International Meeting for Autism Research: Improving Play Skills and Decreasing Challenging Behavior by Reducing the Reinforcing Value of Stereotypy in Young Children with ASD

Improving Play Skills and Decreasing Challenging Behavior by Reducing the Reinforcing Value of Stereotypy in Young Children with ASD

Thursday, May 20, 2010
Franklin Hall B Level 4 (Philadelphia Marriott Downtown)
10:00 AM
R. Lang , Gevirtz Graduate School of Education, University of California, Santa Barbara, Santa Barbara, CA
Background: Children with ASD often experience substantial delays in the development of play behavior. Interventions to teach play skills are often complicated by challenging behavior and stereotypy. Previous research has demonstrated a potential relationship between stereotypy, challenging behavior and play in children with ASD. However, few research-based methods for addressing stereotypy and challenging during play interventions are available to practitioners. An abolishing operation is any stimuli or series of events that reduces the value of a particular reinforcer. If an individual has unrestricted access to a particular reinforcer for an extended period of time that stimuli may eventually lose its reinforcing value. Incorporation of the abolishing operation concept into play interventions may allow practitioners to effectively reduce the reinforcing value of stereotypy prior to beginning a play intervention. If the reinforcing value of stereotypy is reduced, then the child may engage in less stereotypy and less challenging behavior when stereotypy is interrupted.

Objectives: The purpose of this study was to reduce stereotypy and challenging behavior during a play intervention for five children with autism by adding an abolishing operation component to a common research-based procedure for teaching play skills.

Methods: The effects of two conditions were compared in an alternating treatment design. In one condition (abolishing operation condition) the child is allowed to engage in stereotypy freely prior to the implementation of an intervention targeting play skills.This free period lasted until the child engaged in a predetermined rejecting topography. Occurrence of the rejecting topography suggested the child was in a state of satiation in terms of the automatic reinforcement produced by the stereotypy. In the second condition the same play intervention was implemented without the prior free play period. The levels of functional play, symbolic play, stereotypy, and challenging behavior were compared across these two conditions.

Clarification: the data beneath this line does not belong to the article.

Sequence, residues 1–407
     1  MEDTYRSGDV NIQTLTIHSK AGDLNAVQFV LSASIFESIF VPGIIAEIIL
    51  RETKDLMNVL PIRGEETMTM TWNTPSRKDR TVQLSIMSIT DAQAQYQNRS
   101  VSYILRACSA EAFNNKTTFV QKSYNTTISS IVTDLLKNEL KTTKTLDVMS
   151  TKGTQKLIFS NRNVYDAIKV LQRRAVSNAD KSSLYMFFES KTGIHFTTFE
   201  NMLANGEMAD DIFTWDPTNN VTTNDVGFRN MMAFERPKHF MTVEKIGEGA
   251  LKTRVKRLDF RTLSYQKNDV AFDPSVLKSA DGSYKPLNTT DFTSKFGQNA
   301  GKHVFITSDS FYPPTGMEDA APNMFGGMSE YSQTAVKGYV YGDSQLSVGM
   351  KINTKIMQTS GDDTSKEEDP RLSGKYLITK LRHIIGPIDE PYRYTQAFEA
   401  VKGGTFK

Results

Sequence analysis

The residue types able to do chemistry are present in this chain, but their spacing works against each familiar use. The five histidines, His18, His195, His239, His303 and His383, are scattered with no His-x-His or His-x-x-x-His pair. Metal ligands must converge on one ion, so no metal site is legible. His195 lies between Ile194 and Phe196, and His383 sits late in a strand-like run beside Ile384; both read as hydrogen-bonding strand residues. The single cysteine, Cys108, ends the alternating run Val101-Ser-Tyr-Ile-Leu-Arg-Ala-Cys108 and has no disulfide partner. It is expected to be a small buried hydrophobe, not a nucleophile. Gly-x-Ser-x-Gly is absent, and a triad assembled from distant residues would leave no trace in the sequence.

Results: Data show decreased levels of stereotypy and challenging behavior and increased levels of functional play following the abolishing operation condition. Symbolic play did not occur following either condition.

Conclusions: When designing an intervention to teach functional play to a child with autism who engages in stereotypy, this data set suggests two points. First, modeling, prompting with contingent reinforcement, and naturalistic instruction are potential effective intervention components. Second, it may be beneficial to allow the child to engage in stereotypy freely for a period of time prior to intervention. Two implications concerning stereotypy arise from this data set. First, for four of the five participants, stereotypy decreased as functional play increased. This data set provides evidence of a negatively correlated relationship between stereotypy and play skills. The possible existence of such a relationship suggests that one method for effectively treating stereotypy may be to teach children to play. Second, it is possible that allowing a child to engage in stereotypy freely prior to providing instruction in play skills (as was done in the AOC condition) may decrease the level of stereotypy during subsequent play instruction. This, in turn, may make it easer to engage the child and prompt functional play during the intervention session

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